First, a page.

Digging A Pond in Pennsylvania? Get those permits! Here is why...
One homeowner in western Pennsylvania is being fined $137,000 for messing with wetlands in creating his pond. Read below for a press release from the Pennsylvania DEP today.
The Department of Environmental Protection announced that Francois Bitz, of Baden, Beaver County, will pay $137,000 in civil penalties as part of a consent order and agreement for violating the Pennsylvania Clean Streams Law and the Dam Safety and Encroachments Act. Bitz will also pay cost-recovery and oversight costs to DEP and the Allegheny County Conservation District.
From 2009 to 2010, Bitz excavated approximately two acres of wetlands and impacted approximately 1,100 feet of stream while constructing a recreational pond on his property in Marshall Township, Allegheny County, without the necessary permits.
“Our regulations exists to protect the quality and vitality of our streams and wetlands,” DEP Southwest Regional Director Susan Malone said. “The department’s permitting process allows for responsible development, but the regulations must be respected and enforced.”
DEP issued Bitz two compliance orders in July 2010 after inspections to the Marshall Township property revealed he had excavated portions of a stream channel of an unnamed tributary to Big Sewickley Creek, which is classified as a trout stocked fishery. Bitz also disturbed significant portions of earth in the surrounding wetlands without developing or implementing an erosion and sediment control plan. The compliance orders outlined Bitz’s failure to comply with regulations that protect wetlands and mitigate erosion during construction activity.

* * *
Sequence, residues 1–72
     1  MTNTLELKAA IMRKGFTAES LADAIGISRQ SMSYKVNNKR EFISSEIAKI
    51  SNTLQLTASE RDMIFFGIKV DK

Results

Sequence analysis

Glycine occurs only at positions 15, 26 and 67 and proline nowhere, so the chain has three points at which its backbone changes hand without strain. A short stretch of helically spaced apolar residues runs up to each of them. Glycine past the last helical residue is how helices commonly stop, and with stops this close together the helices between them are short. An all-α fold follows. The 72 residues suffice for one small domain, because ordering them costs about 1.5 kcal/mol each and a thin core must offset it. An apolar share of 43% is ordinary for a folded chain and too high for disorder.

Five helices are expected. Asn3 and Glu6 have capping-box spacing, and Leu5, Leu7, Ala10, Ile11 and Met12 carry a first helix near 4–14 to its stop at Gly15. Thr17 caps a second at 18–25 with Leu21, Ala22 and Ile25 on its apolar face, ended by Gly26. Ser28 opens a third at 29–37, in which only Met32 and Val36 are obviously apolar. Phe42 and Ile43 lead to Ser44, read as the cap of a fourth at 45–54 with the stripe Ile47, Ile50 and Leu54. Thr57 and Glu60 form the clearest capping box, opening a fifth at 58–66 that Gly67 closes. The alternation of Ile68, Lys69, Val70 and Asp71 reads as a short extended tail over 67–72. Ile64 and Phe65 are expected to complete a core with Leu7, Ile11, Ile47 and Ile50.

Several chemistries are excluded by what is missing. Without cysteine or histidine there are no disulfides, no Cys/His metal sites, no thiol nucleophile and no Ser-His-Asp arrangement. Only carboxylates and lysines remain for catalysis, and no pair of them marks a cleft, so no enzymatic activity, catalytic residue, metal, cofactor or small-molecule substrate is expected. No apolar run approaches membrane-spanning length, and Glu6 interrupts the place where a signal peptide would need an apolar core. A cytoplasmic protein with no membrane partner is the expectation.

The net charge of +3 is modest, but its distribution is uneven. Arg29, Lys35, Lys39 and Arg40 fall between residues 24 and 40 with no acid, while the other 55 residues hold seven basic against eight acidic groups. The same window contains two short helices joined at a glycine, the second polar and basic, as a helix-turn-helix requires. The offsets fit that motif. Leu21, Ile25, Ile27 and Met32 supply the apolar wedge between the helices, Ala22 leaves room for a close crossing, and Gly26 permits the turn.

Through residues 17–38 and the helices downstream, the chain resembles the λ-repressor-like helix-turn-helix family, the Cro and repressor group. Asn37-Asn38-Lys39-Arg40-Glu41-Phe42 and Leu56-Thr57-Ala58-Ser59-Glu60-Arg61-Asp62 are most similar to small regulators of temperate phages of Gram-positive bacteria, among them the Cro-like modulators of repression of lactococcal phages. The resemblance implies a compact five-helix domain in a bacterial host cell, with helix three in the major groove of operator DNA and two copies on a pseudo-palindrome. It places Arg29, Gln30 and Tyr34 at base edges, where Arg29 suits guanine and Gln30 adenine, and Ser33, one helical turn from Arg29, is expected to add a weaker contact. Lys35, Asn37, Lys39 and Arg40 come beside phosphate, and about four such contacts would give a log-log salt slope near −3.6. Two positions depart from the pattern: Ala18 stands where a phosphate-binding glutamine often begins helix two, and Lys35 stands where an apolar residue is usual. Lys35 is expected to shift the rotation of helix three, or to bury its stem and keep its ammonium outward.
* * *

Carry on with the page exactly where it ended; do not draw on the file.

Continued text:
As a condition of the consent order and agreement, Bits must submit a revised permit application for remediation and restoration of the impacted stream and wetlands. The agreement also stipulates that the restoration must begin within two months and be completed within six months of the issuance of the permit.